It is also reasonable from an employer’s perspective to keep track of their employees if there is lack in quality of work. This research paper focuses on the current issues related to off-duty conduct and its effects on the privacy of employees.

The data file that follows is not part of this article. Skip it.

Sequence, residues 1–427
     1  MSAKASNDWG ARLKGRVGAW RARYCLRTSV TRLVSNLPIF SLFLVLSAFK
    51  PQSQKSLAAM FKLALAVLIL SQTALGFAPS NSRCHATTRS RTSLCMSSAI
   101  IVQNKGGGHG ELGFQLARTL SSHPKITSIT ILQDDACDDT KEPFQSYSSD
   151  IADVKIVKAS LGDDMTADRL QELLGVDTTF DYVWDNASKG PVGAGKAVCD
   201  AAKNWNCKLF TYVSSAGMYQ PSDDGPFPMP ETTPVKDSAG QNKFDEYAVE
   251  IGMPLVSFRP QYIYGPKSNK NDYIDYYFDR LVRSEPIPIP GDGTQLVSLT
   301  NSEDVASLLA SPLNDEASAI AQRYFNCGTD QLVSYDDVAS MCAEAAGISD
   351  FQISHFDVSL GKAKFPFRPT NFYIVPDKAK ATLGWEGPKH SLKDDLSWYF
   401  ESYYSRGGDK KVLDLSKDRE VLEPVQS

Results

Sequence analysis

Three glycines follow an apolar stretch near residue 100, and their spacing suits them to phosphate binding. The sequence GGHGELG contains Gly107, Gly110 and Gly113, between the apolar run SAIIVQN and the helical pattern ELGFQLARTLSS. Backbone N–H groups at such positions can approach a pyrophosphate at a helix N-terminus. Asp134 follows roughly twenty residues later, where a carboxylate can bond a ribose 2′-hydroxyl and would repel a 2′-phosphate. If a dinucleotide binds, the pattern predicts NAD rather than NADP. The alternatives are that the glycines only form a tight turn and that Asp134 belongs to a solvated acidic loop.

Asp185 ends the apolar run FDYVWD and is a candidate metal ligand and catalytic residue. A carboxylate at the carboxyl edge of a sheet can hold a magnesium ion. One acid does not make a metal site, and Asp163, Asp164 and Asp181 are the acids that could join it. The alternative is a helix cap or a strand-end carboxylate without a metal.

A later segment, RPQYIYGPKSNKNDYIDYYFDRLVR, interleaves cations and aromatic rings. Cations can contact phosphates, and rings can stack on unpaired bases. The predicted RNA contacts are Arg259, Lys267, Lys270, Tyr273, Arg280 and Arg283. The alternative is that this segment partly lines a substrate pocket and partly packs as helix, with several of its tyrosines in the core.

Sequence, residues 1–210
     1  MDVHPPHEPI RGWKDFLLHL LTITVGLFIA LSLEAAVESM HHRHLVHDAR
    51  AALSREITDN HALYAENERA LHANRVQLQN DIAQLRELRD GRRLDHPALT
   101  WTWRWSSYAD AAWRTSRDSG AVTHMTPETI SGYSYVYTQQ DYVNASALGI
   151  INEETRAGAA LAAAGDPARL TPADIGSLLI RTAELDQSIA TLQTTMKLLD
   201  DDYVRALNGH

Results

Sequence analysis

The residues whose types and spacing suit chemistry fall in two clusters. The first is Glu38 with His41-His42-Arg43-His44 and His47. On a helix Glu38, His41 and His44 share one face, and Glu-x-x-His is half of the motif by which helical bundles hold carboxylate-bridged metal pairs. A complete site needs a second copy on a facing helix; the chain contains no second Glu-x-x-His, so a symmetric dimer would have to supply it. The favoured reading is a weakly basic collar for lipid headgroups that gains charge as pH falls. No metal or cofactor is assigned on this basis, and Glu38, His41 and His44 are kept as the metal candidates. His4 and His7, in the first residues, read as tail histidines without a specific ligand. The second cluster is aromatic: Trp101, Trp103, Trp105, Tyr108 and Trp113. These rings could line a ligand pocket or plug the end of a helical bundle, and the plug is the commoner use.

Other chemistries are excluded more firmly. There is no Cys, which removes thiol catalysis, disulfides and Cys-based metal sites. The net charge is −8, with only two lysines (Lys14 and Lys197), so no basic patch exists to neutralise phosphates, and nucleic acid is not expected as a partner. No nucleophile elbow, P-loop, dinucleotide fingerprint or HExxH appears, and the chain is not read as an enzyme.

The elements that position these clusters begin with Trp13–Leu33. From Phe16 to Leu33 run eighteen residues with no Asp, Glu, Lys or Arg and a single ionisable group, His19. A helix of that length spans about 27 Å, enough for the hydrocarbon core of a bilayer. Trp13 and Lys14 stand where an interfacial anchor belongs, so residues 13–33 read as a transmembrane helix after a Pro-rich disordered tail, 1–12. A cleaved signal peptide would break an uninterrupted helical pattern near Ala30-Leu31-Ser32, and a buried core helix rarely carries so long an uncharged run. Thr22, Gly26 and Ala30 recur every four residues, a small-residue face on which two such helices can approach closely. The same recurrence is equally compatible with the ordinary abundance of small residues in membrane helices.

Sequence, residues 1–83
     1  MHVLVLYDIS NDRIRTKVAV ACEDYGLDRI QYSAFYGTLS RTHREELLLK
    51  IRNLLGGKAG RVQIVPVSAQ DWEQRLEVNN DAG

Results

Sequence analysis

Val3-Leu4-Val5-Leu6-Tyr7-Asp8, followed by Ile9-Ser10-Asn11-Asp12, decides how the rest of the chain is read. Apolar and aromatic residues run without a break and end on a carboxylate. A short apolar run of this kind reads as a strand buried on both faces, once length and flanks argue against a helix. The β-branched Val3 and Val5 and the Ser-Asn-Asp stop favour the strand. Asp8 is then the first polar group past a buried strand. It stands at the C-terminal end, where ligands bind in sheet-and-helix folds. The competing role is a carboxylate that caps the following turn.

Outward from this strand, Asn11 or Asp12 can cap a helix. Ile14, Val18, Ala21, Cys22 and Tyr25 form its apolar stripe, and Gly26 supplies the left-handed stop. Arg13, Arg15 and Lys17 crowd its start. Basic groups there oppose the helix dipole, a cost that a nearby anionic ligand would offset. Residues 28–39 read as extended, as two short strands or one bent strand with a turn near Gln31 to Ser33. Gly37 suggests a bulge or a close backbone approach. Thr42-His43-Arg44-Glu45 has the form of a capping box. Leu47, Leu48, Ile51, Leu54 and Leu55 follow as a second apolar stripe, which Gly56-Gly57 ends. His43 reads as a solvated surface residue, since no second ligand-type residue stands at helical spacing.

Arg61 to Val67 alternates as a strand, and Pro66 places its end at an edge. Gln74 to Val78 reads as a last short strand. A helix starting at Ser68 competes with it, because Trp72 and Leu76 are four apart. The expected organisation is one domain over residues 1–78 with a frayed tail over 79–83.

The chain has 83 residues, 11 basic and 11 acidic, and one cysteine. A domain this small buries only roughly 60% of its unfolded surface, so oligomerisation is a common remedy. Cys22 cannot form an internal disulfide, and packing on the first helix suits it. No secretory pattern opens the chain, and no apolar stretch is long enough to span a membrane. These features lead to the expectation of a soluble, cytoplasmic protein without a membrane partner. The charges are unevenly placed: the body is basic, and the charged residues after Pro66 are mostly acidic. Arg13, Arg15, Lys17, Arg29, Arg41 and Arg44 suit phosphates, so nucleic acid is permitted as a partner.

Employers have the technological means to find out, what workers do in their own time. However, the right to monitor employees’ personal conduct is limited based on the employees’ rights under law and specific rules. Under the National Labor Relations Act (NLRA), an employer is not supposed to conduct any kind of surveillance on employees during any gatherings off-duty1. If employees discuss about their workspace and their job related issues in union activities, it should not be made public by employers. Instead employers should keep away from social activities of employees if it is out of their interest. According to law, if an employer sends a supervisor to overhear on group discussions or private meetings then he is violating the rules set up by the NLRA. Similarly, the guidelines set by NLRA also states that Drug Testing should only be performed if any suspicious activity is recorded during working hours. NLRA states that drug testing has the potential to reveal an employee’s use of drug outside the office so it has been subjected to private litigation. The employers may face challenges on this stand because there are many employees who do-not perform their work properly. There may be several reasons behind it, including consumption of drugs before working hours. The employees may not react or let employers know that they are biased by drugs and employers many have to accept the low quality performance of employees. The Drug Testing in most of the organizations is conducted before joining of an employee or during any suspicious cases. For Example, if an applicant failed to pass the drug test in